MAT8A- Conformal Coating Effect on ATC Reliability - SnPb

Author: Michael Meilunas

Abstract: Conformal coatings are applied to printed circuit board assemblies for many reasons but their effect on product lifetime is not well understood. This study looked at five conformal coating options whose application was primarily intended to shield BGA, LGA and QFN electrical connections (i.e., solder joints) from the surrounding environment. The materials included spray applied Arathane 5750, Humiseal 1A33 and vapor deposited Parylene C. Because Arathane 5750 and Humiseal 1A33 were incapable of providing complete environmental shielding when spray applied, these materials were also evaluated using pre-applied dams which were manually dispensed around select devices. Once assembled, the coated test vehicles and uncoated control samples were subjected to ˗40 to 125°C thermal cycling to stress the assemblies. Solder joint performance was monitored in-situ to determine if the coatings affected joint reliability. Failures were analyzed to correlate the failure locations and mechanisms to the conformal coat characteristics (thickness, location, depth of penetration, material properties, etc.).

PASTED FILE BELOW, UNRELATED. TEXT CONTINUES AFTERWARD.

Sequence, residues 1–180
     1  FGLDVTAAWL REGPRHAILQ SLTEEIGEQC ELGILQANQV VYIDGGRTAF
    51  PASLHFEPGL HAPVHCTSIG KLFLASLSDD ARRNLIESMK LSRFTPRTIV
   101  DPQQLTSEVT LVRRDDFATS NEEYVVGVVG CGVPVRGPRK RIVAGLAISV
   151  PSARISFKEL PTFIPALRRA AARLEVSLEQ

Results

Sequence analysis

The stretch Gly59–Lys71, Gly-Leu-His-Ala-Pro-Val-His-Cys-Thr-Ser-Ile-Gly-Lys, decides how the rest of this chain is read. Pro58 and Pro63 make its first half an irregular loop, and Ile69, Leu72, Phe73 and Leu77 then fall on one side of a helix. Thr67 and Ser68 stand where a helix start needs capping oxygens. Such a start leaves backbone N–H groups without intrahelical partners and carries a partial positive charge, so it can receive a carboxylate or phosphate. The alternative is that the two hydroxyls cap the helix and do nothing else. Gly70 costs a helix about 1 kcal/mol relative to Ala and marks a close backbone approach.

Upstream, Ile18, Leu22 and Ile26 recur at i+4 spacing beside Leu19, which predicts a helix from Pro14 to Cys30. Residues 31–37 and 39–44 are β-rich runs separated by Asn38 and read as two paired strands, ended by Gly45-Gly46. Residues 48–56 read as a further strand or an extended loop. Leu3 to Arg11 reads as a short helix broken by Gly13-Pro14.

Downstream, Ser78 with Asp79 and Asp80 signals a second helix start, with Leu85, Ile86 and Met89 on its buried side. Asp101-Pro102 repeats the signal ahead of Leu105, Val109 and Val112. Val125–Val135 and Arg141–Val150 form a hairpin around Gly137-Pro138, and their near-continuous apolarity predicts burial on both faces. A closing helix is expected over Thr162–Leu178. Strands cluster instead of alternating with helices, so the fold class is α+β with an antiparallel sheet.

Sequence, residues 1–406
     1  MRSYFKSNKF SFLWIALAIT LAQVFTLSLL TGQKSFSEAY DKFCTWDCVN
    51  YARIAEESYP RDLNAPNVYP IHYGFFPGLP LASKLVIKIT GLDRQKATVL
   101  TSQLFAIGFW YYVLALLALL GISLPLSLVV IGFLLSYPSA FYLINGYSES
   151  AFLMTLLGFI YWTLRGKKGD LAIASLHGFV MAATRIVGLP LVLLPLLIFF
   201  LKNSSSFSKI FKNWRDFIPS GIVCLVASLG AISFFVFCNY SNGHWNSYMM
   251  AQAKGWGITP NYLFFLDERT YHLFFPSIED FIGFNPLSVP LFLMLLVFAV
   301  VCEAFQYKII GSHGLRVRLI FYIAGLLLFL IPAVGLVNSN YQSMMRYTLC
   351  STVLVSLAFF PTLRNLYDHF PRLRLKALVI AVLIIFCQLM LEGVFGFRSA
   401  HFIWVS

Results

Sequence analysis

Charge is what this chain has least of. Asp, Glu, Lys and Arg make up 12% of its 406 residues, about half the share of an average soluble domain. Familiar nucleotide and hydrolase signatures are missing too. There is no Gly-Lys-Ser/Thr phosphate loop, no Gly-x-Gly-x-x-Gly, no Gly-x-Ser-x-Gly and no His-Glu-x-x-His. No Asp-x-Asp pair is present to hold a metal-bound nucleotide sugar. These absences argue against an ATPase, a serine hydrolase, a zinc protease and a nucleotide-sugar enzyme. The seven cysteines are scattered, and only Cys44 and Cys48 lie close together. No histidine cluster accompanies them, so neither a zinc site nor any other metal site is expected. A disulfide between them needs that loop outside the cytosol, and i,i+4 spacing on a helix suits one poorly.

MAT2B - Effects of Pad Location on Cratering

Authors: Y. Zeng, P. Kondos, M. Anselm, and P. Borgesen

Abstract: Pad cratering is increasingly seen as the dominant failure mode under various isothermal loading conditions and is even becoming more common in thermal cycling. Various factors can influence the pad performance, i.e. strength and fatigue resistance. These factors include resin type, loading conditions, environmental humidity, etc. The present report demonstrates a latent factor which influences pad performance, namely the pad location relative to the underlying glass weave. Pad cratering was investigated by strength and fatigue testing of individual pads in a DAGE 4000 Plus solder bump tester using the so-called “Hot Bump Pull” method. The exact location of each pad relative to the glass bundles was determined based on acoustic microscope images. Various techniques (2 sample t-test, ANOVA, Tukey’s HSD test etc.) were used to test the statistical significance of differences between regions which were predefined according to the fiber glass style. The strength of the pads was found to increase when the crack initiation location was closer to the woven glass. The fatigue resistance showed a similar trend and was more sensitive than the strength to the pad location relative to glass.

REL1A - Effect of Prestress on PCB Pad Cratering Using Spherical Bend Test Method

Authors: Gaurang Joshi, Michael Meilunas, Liang Xue